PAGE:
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County approves wind energy systems  

It took more than six months to work out the details, but a change in Saline County code that will allow individuals to install their own wind-generated energy systems received final approval Tuesday.

The Saline County Commission unanimously approved the amendment, which will accommodate about a half-dozen people who have approached Planning and Zoning Director Vicki Koepsel in the past year about installing their own wind systems.

County resident Richard Nelson told commissioners that he primarily uses propane and wood-burning appliances to heat his home, but said he would like to convert to wind.

“I’m getting older, and someday I might not be able to cut firewood,” Nelson told commissioners Craig Stephenson, Sherri Barragree and Randy Duncan. “Even though I won’t pay for this in my lifetime, (wind energy) is still something I can utilize to reduce my utility bills, and then pass it on to somebody else.”

Koepsel said she developed the new regulations in response to the requests she has received from people and because of the national shift away from oil, which is selling at record highs, and coal, which is believed to be harmful to the environment.

“As costs associated with the use of conventional energy resources like oil, coal and natural gas continue to increase, renewable energy alternatives become more and more attractive to consumers,” Koepsel wrote in her report to the commission, which she presented at Tuesday’s meeting. “Until recently, however, renewable energy was more expensive than conventional fuels. However, with advances in technology, renewable energy is now saving consumers money.”

The amendment to county code means that those who wish to install wind energy systems no longer have to obtain conditional-use permits, which cost about $150 and take about two months to obtain. Conditional-use permits must be reviewed by and receive approval from the county planning commission.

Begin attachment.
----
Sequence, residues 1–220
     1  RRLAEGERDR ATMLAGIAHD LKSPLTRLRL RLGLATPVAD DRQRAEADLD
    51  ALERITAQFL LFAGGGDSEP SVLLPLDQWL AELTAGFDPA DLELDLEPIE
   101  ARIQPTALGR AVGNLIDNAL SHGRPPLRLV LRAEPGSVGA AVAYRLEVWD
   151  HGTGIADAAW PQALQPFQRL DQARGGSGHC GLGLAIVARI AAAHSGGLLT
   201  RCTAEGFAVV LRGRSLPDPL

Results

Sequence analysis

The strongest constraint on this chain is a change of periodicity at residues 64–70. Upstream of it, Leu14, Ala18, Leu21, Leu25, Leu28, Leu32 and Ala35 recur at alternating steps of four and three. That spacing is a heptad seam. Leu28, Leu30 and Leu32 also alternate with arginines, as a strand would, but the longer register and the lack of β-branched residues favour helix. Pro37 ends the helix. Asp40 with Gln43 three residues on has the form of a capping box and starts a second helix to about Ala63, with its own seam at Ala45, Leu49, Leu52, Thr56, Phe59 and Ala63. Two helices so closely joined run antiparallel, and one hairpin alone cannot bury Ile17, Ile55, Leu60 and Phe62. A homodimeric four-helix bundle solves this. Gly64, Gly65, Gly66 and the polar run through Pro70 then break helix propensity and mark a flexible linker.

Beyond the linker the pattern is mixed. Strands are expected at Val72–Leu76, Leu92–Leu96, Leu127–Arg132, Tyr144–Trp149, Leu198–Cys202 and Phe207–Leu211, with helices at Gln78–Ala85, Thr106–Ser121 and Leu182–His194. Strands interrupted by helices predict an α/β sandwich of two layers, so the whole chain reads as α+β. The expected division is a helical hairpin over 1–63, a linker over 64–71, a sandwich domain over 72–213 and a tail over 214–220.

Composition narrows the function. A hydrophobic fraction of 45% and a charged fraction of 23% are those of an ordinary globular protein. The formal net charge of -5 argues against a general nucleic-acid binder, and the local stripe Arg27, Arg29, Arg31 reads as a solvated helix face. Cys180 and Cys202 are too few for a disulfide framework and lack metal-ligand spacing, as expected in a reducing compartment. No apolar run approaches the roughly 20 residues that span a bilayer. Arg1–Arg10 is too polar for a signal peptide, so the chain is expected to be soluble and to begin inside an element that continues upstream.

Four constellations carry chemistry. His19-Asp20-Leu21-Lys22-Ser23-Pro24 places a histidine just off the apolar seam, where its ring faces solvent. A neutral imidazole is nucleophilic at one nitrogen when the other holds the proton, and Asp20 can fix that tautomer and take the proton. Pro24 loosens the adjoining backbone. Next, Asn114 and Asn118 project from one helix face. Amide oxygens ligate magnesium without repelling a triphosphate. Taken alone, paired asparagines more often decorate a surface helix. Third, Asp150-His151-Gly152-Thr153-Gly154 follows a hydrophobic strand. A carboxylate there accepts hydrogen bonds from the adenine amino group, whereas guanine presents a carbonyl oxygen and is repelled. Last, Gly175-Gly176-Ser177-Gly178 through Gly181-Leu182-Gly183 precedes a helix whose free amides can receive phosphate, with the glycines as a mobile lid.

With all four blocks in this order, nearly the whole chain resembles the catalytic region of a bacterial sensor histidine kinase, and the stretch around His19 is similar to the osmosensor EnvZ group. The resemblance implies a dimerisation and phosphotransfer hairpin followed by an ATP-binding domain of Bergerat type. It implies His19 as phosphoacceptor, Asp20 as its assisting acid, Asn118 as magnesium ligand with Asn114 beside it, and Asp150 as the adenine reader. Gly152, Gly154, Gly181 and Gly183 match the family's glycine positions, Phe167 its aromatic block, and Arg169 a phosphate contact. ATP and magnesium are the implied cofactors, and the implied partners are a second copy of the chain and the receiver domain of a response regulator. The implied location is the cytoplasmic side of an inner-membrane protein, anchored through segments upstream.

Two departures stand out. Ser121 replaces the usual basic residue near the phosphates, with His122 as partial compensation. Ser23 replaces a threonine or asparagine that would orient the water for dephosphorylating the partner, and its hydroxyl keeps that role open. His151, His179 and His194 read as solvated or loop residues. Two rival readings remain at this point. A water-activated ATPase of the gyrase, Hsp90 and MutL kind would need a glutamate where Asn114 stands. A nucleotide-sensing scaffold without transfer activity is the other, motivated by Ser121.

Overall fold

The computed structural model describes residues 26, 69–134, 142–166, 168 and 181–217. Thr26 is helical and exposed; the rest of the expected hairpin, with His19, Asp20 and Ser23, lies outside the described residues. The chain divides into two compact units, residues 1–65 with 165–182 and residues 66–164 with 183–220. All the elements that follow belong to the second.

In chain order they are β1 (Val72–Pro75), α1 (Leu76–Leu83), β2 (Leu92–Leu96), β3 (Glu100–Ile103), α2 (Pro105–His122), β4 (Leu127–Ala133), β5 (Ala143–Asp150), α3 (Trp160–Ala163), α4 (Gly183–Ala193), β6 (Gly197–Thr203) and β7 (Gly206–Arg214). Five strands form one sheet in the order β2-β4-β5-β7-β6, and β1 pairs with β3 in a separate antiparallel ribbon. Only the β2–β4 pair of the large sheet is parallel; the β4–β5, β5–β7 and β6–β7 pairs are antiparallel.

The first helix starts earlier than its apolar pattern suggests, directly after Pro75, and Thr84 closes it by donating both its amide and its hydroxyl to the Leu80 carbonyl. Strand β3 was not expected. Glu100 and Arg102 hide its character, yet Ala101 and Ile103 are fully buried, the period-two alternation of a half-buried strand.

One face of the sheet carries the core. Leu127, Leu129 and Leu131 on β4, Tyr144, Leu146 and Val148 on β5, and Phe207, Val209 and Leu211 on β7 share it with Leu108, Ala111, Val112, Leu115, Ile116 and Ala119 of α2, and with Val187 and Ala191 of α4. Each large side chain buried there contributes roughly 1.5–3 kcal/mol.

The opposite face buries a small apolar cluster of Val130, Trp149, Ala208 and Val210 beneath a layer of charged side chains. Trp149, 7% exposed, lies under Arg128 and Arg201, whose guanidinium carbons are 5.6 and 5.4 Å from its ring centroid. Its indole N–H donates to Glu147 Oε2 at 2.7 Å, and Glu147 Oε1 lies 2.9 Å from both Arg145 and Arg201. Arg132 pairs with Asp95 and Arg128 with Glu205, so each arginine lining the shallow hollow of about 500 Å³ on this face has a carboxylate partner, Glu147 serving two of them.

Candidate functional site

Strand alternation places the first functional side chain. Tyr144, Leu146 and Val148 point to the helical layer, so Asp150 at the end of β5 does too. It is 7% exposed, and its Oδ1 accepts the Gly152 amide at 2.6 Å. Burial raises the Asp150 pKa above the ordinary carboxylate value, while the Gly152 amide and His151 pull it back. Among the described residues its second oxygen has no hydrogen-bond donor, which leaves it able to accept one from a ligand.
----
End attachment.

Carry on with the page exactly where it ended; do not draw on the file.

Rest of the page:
The amendment also sets out various regulations for such operations, including:

n One single turbine shall be permitted for all legal lots of record in unincorporated Saline County up to 80 acres in size.

n The total height of any single turbine shall not exceed 200 feet.

n The lowest point of the rotor blades shall be 25 feet above ground level at the base of the facility.

n Turbine markings and lighting must meet Federal Aviation Administration requirements.

n Wind facilities shall maintain a galvanized finish or be painted a color in conformance with the surrounding environment, such as white, gray, pale blue or pale green.

It took a long time

Sidney Shultz, who has been critical of Stephenson and Barragree and will run against Stephenson in this fall’s elections, chided the commission for taking so long to approve the measure. The county commission considered the amendment in December but sent it back to the county planning commission for fine-tuning.

“I don’t know why we would drag our feet at all for this kind of energy,” Shultz said. “We’ve got wind, and we’ve always had wind in Kansas. We’ve got to use it.”

“I think we’ve all been proponents of wind energy,” Stephenson responded. “We wanted to make sure we did it right so there wasn’t a problem with your neighbors.

“We need to promote it as much as we can. Talking to the three county commissioners is not the real place where the discussion needs to take place. True net metering is where it needs to take place. The state legislators need to get off their duffs and get something done on true net metering.”

Net metering is a method of metering the energy consumed and produced by home wind generators that allows owners to get full reimbursement for excess electricity produced. Federal law allows utilities to purchase individual producers’ excess energy at the wholesale price, rather than retail price. Net metering gives producers credit for excess energy at the higher retail rate.

Darrin Stineman

Salina Journal

This article is the work of the source indicated. Any opinions expressed in it are not necessarily those of National Wind Watch.

The copyright of this article resides with the author or publisher indicated. As part of its noncommercial effort to present the environmental, social, scientific, and economic issues of large-scale wind power development to a global audience seeking such information, National Wind Watch endeavors to observe “fair use” as provided for in section 107 of U.S. Copyright Law and similar “fair dealing” provisions of the copyright laws of other nations. Send requests to excerpt, general inquiries, and comments via e-mail.

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